According to the latest numbers from the Bureau of Labor Statistics, the American economy created 280,000 jobs in May. That's a solid showing, especially after the drop in March, which ended a long run of over 200,000 per month. However, if job creation continues at around 250,000 a month, it'll still be August of 2017 before we're back to the economic health we had before the 2008 collapse.
Happily, the March collapse was actually revised up, from 85,000 jobs to 119,000, while the April numbers were revised down, just slightly, from 223,000 to 221,000.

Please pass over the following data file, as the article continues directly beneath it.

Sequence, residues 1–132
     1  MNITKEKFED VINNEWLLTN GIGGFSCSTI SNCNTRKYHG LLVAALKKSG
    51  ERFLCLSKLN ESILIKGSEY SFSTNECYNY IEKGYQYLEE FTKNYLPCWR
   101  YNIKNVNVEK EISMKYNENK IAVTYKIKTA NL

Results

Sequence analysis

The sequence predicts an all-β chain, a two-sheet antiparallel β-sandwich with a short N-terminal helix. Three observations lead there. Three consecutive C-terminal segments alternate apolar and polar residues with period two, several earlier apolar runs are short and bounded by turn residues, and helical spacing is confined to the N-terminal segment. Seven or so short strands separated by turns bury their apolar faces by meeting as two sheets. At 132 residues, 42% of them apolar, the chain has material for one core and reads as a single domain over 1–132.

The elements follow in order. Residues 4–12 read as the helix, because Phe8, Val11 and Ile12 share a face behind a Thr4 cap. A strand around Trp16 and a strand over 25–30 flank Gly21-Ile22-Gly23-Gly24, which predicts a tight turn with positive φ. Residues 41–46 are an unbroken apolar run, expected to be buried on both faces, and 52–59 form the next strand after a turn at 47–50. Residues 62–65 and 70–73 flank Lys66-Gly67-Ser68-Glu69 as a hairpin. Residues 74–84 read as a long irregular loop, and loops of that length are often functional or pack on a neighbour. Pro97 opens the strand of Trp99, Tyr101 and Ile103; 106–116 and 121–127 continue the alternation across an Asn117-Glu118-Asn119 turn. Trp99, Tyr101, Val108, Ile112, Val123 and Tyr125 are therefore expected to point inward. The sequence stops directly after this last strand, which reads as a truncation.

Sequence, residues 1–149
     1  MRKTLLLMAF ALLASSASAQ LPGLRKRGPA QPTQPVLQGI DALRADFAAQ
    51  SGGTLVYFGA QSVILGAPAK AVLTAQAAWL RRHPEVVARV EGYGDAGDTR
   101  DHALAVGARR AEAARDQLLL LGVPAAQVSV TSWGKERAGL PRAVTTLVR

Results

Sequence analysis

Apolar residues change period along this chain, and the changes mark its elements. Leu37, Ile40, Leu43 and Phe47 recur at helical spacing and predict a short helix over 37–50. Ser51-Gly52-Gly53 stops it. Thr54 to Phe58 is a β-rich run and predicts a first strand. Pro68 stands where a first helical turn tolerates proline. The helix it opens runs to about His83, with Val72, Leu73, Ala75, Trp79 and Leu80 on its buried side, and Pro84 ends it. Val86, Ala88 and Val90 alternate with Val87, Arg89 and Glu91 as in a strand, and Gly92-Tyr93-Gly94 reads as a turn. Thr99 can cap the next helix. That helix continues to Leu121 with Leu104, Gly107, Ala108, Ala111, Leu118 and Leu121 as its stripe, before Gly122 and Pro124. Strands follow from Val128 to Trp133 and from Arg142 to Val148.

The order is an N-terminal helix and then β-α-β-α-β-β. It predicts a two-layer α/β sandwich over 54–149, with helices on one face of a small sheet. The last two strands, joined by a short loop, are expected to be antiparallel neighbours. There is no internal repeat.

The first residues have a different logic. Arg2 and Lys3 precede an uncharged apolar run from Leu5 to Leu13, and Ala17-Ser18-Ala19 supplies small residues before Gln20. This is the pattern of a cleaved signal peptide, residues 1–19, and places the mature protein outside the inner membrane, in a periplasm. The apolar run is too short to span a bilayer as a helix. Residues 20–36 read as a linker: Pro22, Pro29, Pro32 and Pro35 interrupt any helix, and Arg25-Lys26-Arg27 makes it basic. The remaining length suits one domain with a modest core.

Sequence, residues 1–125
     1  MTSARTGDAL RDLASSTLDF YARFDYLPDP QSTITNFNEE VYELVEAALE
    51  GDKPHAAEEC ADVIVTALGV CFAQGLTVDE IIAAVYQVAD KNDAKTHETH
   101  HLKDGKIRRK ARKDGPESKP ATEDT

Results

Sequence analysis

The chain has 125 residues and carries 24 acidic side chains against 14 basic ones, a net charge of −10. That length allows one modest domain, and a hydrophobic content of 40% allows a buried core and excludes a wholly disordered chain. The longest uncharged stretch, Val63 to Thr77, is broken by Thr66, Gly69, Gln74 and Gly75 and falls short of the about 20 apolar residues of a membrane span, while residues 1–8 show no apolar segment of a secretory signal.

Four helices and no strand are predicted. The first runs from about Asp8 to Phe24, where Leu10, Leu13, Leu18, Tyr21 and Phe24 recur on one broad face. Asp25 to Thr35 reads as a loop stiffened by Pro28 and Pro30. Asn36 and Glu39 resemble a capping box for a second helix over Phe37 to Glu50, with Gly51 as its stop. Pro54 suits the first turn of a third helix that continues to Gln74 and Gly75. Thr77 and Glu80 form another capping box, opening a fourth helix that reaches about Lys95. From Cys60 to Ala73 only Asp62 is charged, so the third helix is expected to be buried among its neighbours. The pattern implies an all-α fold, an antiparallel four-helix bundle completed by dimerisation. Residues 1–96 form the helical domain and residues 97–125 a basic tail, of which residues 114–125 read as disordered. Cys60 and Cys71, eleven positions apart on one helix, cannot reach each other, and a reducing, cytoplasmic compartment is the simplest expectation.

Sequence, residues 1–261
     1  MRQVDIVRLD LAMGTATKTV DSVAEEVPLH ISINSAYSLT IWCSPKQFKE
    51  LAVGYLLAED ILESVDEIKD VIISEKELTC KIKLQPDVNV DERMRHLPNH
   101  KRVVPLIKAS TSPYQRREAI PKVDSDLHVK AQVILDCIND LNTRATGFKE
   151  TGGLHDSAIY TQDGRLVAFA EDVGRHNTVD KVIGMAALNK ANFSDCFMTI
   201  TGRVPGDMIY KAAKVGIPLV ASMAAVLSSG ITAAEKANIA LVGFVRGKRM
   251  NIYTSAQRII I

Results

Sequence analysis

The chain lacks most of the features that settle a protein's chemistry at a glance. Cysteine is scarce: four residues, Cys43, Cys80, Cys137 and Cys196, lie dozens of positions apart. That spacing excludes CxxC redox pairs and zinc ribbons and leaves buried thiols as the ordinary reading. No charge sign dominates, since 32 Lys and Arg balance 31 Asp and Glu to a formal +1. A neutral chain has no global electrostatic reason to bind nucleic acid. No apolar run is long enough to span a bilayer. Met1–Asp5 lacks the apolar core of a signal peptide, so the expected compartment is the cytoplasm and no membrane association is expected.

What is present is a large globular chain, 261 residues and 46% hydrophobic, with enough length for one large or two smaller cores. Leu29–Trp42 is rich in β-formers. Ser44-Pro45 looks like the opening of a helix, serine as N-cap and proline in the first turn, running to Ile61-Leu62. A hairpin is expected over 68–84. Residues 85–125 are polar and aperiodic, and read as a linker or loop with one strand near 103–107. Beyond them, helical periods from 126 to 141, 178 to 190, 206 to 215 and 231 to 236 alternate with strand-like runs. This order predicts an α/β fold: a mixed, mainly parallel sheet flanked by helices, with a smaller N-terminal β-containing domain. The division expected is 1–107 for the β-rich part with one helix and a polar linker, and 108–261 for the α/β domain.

Unemployment ticked up slightly in May, from 5.4 percent last month to 5.5 percent. The number of Americans participating in the labor force remained effectively unchanged, while those who are involuntarily employed part-time or who have given up on the labor force is still way above its pre-2008 trend.
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Average hourly earnings rose 8 cents from last month to $24.96, which is a 2.3 percent increase over a year ago. So the wage growth trend is still more or less flat, indicating the country has a ways to go yet.
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